The American flag is not flying at the US Embassy in Kabul and essentially all consulate staff has been moved to the city’s international airport. In the UK most activities at the British Embassy in Kabul are briefly suspended because of the weakening in the security circumstances. The Chinese Embassy in Afghanistan continues its work as the Taliban have vowed to ensure its security.

According to reports, the Indian Consulate in Kabul has not been formally closed at this point and is working with a nearby guide. Indian Embassy staff was evacuated by an Indian Air Force C-17 airplane on 17 August, which brought back roughly 150 Indians including ITBP faculty from Kabul Air Terminal. Before that, another airplane had transported 45 Indians from Afghanistan.

Fundamental principle ‘Jus Cogens’ in International Law

Jus Cogens means the principles that form the norms of International Law that cannot be set aside. The International Court of Justice (ICJ) in 2010 decision in the case of Accordance with International Law of the Unilateral Declaration of Independence in Respect of Kosovo (Kosovo Opinion) principally agreed with many isolationist states who had argued that the UN Security Council should not intervene in the process of government formations (through secessions/armed conflict/declaration of independence et cetera) as was the established practice of the Security Council. Though, the ICJ distinguished these situations from that of Kosovo. The ICJ in Kosovo Opinion noted:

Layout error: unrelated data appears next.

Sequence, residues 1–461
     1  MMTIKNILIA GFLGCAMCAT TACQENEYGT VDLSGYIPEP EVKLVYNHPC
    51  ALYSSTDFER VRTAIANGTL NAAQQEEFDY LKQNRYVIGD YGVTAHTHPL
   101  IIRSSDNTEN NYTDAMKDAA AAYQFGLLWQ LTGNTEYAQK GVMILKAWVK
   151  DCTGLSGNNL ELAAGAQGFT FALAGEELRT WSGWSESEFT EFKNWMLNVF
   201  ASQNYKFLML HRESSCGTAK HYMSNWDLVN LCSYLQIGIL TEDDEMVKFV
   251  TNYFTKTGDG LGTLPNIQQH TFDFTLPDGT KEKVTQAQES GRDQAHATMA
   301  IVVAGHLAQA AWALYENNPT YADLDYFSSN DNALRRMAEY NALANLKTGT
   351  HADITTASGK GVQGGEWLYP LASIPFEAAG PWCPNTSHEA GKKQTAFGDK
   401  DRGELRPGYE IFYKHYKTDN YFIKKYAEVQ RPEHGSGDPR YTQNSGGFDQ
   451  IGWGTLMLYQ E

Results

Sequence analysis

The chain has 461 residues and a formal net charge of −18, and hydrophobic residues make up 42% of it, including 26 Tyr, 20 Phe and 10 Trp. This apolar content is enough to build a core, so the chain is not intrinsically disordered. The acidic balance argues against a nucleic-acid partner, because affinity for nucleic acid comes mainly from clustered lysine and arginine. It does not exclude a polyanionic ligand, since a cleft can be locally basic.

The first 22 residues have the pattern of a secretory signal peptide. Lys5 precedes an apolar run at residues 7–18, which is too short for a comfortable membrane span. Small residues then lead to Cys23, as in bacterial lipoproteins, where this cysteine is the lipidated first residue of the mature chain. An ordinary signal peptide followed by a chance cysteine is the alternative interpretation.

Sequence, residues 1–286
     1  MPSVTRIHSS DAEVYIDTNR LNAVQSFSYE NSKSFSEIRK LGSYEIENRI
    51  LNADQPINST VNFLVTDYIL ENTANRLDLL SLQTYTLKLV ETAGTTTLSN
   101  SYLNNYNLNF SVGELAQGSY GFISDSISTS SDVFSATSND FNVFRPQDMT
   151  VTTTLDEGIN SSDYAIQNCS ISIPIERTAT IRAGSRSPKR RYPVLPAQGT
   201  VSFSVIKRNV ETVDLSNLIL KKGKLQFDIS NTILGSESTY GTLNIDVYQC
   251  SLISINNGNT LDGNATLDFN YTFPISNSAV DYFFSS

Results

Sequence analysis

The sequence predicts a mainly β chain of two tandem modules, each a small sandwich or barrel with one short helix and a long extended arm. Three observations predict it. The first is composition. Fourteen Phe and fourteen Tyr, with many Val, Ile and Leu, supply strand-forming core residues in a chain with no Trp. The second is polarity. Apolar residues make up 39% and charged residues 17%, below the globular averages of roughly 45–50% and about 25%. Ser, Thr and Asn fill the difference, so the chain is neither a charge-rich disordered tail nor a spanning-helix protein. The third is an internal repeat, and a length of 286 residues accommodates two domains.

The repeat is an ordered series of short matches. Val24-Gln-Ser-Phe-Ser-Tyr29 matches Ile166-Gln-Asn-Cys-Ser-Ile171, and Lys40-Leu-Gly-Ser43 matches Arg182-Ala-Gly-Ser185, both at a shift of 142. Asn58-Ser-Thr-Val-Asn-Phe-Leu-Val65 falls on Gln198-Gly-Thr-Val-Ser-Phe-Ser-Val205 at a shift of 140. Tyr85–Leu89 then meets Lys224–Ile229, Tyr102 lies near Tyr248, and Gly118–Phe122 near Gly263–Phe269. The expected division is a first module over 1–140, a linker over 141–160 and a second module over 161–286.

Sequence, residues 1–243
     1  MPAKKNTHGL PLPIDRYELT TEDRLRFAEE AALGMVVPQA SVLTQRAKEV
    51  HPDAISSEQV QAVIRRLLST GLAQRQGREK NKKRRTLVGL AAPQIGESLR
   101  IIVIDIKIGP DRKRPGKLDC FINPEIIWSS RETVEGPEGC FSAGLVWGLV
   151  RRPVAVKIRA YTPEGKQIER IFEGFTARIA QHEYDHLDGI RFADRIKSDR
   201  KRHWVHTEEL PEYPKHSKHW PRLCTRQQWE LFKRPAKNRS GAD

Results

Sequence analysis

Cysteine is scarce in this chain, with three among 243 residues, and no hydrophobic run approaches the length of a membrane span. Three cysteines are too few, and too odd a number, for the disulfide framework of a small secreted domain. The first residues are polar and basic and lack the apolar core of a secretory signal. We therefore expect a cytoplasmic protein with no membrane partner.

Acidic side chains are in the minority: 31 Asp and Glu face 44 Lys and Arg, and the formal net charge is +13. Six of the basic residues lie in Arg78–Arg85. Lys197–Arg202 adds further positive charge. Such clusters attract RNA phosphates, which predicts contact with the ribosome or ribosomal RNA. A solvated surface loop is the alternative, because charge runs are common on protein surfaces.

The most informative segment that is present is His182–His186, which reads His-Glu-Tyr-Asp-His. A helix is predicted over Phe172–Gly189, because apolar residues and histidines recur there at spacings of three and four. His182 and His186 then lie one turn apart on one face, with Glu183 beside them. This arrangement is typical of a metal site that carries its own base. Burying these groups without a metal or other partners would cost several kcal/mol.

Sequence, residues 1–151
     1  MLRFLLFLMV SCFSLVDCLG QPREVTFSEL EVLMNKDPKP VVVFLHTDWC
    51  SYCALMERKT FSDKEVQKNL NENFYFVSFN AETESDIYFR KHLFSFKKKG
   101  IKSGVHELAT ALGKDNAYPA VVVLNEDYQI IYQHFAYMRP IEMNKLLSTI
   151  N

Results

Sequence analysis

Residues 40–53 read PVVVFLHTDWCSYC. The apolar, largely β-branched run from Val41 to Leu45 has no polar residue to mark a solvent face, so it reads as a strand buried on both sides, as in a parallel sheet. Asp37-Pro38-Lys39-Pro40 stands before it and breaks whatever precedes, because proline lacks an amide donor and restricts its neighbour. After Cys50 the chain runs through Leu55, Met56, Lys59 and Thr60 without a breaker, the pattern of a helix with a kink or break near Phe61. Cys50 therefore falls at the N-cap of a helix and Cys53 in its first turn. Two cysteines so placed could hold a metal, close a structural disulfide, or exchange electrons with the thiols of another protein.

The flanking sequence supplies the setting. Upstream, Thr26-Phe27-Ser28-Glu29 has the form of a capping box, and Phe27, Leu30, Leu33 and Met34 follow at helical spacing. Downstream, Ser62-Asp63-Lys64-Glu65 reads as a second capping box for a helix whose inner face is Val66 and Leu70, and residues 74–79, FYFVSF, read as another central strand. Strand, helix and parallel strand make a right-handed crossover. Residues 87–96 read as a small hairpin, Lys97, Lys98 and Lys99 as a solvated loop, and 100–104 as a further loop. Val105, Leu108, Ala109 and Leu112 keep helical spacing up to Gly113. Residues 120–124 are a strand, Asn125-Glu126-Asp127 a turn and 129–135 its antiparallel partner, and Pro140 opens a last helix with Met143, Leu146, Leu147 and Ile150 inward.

“[I]n all of those instances the Security Council was making a determination as regards the concrete situation existing at the time that those declarations of independence were made; the illegality attached to the declarations of independence thus stemmed not from the unilateral character of these declarations as such, but from the fact that they were, or would have been, connected with the unlawful use of force or other egregious violations of norms of general international law, in particular those of a peremptory character (jus cogens). … In the context of Kosovo, the Security Council has never taken this position”